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Part 3 Chapter 1

IT was a new idea--the ecclesiastical and altruistic life as distinct from the intellectual and emulative life. A man could preach and do good to his fellow-creatures without taking double-firsts in the schools of Christminster, or having anything but ordinary knowledge. The old fancy which had led on to the culminating vision of the bishopric had not been an ethical or theological enthusiasm at all, but a mundane ambition masquerading in a surplice. He feared that his whole scheme had degenerated to, even though it might not have originated in, a social unrest which had no foundation in the nobler instincts; which was purely an artificial product of civilization. There were thousands of young men on the same self-seeking track at the present moment. The sensual hind who ate, drank, and lived carelessly with his wife through the days of his vanity was a more likable being than he.

But to enter the Church in such an unscholarly way that he could not in any probability rise to a higher grade through all his career than that of the humble curate wearing his life out in an obscure village or city slum--that might have a touch of goodness and greatness in it; that might be true religion, and a purgatorial course worthy of being followed by a remorseful man.

The favourable light in which this new thought showed itself by contrast with his foregone intentions cheered Jude, as he sat there, shabby and lonely; and it may be said to have given, during the next few days, the COUP DE GRACE to his intellectual career--a career which had extended over the greater part of a dozen years. He did nothing, however, for some long stagnant time to advance his new desire, occupying himself with little local jobs in putting up and lettering headstones about the neighbouring villages, and submitting to be regarded as a social failure, a returned purchase, by the half-dozen or so of farmers and other country-people who condescended to nod to him.

The human interest of the new intention--and a human interest is indispensable to the most spiritual and self-sacrificing-- was created by a letter from Sue, bearing a fresh postmark. She evidently wrote with anxiety, and told very little about her own doings, more than that she had passed some sort of examination for a Queen's Scholarship, and was going to enter a training college at Melchester to complete herself for the vocation she had chosen, partly by his influence. There was a theological college at Melchester; Melchester was a quiet and soothing place, almost entirely ecclesiastical in its tone; a spot where worldly learning and intellectual smartness had no establishment; where the altruistic feeling that he did possess would perhaps be more highly estimated than a brilliancy which he did not.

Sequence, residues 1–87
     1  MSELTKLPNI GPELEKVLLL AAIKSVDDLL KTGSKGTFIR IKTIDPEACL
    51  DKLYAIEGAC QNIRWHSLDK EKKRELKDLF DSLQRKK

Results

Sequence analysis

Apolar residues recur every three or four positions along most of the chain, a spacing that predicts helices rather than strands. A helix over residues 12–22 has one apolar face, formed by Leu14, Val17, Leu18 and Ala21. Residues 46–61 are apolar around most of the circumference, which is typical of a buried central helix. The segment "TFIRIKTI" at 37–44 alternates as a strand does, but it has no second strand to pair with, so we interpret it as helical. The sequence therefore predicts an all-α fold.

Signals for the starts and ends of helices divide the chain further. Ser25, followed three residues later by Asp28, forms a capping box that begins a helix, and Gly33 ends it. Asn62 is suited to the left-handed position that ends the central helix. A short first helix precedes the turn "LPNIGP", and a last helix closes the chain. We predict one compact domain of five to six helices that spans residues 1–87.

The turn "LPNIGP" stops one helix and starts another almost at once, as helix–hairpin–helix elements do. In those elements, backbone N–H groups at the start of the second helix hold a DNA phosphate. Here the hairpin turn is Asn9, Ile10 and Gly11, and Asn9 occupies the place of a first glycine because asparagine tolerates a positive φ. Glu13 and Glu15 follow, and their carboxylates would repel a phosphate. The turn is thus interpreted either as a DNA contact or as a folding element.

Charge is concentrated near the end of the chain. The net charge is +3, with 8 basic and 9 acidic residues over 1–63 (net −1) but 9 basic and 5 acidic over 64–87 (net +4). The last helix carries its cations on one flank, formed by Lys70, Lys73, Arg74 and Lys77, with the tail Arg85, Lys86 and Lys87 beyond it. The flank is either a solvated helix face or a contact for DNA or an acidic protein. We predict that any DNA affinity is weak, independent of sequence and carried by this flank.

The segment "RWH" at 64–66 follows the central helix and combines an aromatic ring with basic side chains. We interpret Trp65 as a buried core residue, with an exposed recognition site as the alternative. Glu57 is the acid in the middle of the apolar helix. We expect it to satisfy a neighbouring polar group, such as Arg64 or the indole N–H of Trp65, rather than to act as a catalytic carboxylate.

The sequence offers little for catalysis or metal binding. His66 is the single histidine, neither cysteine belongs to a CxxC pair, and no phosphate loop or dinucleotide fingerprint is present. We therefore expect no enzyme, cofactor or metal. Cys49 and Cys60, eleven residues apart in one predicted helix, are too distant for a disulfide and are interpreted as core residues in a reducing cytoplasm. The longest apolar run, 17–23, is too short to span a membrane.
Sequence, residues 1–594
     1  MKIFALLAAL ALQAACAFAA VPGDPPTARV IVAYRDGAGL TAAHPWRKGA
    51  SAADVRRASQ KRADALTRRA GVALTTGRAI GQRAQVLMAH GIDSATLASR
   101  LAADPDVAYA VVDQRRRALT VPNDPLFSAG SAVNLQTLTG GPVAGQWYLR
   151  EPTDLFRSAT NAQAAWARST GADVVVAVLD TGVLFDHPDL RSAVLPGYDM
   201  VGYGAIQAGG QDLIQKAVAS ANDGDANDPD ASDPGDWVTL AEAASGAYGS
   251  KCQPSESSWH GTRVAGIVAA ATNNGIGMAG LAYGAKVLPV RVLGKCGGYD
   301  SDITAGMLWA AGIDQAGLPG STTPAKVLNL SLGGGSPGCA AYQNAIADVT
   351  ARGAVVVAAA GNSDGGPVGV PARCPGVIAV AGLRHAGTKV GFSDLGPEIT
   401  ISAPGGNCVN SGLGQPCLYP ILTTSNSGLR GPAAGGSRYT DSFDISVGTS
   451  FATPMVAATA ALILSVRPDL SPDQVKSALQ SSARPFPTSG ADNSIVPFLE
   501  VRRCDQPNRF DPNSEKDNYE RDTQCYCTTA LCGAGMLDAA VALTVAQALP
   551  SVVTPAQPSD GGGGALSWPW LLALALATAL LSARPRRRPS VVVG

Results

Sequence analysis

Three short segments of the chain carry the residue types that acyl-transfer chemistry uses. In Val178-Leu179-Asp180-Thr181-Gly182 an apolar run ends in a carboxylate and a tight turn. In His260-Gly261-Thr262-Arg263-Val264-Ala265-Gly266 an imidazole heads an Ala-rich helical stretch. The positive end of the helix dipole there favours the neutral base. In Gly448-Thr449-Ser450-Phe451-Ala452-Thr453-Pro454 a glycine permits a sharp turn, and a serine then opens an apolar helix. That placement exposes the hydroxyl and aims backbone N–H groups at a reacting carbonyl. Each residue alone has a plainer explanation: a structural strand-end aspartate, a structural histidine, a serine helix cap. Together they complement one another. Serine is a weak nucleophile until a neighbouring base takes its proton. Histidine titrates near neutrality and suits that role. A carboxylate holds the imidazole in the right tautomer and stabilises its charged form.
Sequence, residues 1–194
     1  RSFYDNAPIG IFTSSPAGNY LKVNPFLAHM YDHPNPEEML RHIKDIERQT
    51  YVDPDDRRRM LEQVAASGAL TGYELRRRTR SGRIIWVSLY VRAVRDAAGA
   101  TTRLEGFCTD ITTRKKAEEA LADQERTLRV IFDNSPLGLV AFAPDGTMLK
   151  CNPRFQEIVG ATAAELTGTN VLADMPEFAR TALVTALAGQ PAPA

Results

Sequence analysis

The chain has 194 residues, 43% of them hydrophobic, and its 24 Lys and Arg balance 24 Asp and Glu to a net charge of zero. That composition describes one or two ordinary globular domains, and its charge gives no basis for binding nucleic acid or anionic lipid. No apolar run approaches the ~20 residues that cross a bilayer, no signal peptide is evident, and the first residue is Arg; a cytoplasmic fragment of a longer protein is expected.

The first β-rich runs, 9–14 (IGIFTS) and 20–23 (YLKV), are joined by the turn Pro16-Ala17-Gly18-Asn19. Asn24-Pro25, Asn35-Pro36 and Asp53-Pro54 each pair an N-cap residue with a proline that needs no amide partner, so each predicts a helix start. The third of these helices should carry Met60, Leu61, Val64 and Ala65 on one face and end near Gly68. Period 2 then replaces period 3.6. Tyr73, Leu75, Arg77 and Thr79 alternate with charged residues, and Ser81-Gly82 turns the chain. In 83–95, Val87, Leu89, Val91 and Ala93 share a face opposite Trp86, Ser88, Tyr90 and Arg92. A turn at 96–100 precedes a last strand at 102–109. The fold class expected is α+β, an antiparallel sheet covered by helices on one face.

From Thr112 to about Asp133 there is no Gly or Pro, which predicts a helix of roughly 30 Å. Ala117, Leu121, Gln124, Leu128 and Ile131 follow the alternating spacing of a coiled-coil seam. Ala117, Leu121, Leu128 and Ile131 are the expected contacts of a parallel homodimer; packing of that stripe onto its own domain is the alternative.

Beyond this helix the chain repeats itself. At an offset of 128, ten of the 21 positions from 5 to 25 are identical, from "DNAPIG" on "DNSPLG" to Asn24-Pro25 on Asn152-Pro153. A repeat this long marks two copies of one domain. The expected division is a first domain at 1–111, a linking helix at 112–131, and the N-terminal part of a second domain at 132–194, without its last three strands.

As it would be necessary that he should continue for a time to work at his trade while reading up Divinity, which he had neglected at Christminster for the ordinary classical grind, what better course for him than to get employment at the further city, and pursue this plan of reading? That his excessive human interest in the new place was entirely of Sue's making, while at the same time Sue was to be regarded even less than formerly as proper to create it, had an ethical contradictoriness to which he was not blind. But that much he conceded to human frailty, and hoped to learn to love her only as a friend and kinswoman.

He considered that he might so mark out his coming years as to begin his ministry at the age of thirty--an age which much attracted him as being that of his exemplar when he first began to teach in Galilee. This would allow him plenty of time for deliberate study, and for acquiring capital by his trade to help his aftercourse of keeping the necessary terms at a theological college.

Christmas had come and passed, and Sue had gone to the Melchester Normal School. The time was just the worst in the year for Jude to get into new employment, and he had written suggesting to her that he should postpone his arrival for a month or so, till the days had lengthened. She had acquiesced so readily that he wished he had not proposed it-- she evidently did not much care about him, though she had never once reproached him for his strange conduct in coming to her that night, and his silent disappearance. Neither had she ever said a word about her relations with Mr. Phillotson.

Suddenly, however, quite a passionate letter arrived from Sue. She was quite lonely and miserable, she told him. She hated the place she was in; it was worse than the ecclesiastical designer's; worse than anywhere. She felt utterly friendless; could he come immediately?--though when he did come she would only be able to see him at limited times, the rules of the establishment she found herself in being strict to a degree. It was Mr. Phillotson who had advised her to come there, and she wished she had never listened to him.

Phillotson's suit was not exactly prospering, evidently; and Jude felt unreasonably glad. He packed up his things and went to Melchester with a lighter heart than he had known for months.